Closely linked to the style of management is communication. Managers who do

not communicate effectively run the risk that their plans and motives will be

misunderstood and generate resistance. If the reasons for change are not

justified and explained, rumour and speculation can fill the void (Daft, 1994) and

undermine the credibility of the project. Further, Clampitt (1991) remarks, that

informing people of an idea is not the same as persuading them that it is a good

one. Likewise, Mullins, (1996) warns that managers who are enthused and

motivated by proposed changes must beware of assuming that staff will

automatically be similarly engaged simply by the prospect.

Structure and Culture

Communication is both a contributory factor and a product of an organisation's

structure and culture. To focus on LIS once more, Prince and Burton (1988); St

Clair (1996) and Greenhalgh and Worpole (1995) all note that in recent years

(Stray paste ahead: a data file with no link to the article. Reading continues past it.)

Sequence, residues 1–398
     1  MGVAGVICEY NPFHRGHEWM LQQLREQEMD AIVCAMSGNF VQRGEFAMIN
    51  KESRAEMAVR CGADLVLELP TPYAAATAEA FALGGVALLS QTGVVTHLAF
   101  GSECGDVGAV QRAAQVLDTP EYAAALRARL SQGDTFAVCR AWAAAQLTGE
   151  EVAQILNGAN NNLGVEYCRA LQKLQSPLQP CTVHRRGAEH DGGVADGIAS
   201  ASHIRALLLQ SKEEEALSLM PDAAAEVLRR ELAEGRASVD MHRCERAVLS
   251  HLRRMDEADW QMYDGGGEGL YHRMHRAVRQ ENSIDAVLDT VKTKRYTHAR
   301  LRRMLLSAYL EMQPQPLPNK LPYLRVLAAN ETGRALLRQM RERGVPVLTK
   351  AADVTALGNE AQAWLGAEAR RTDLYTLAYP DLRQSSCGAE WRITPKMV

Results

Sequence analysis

there has been a move away from traditional structures and cultures which were

hierarchical, bureaucratic and function-based. In their place have come flatter

structures, convergence with computing services and more service- orientated,

entrepreneurial cultures which emphasise team-working, multi-skilling (reflecting

the growing use of ICT) and more participative management (Greenhalgh and

Note that in this para

the writer is making a

point and then

supporting it from the

evidence rather than

just saying what the

‘experts’ think. This

is how the literature

should be used.3

Worpole, 1995; Buch, 1997; Shaughnessy, 1996). Librarians and LIS managers

in all sectors must now possess a wider range of educational, financial and

management skills than was the case when the more passive,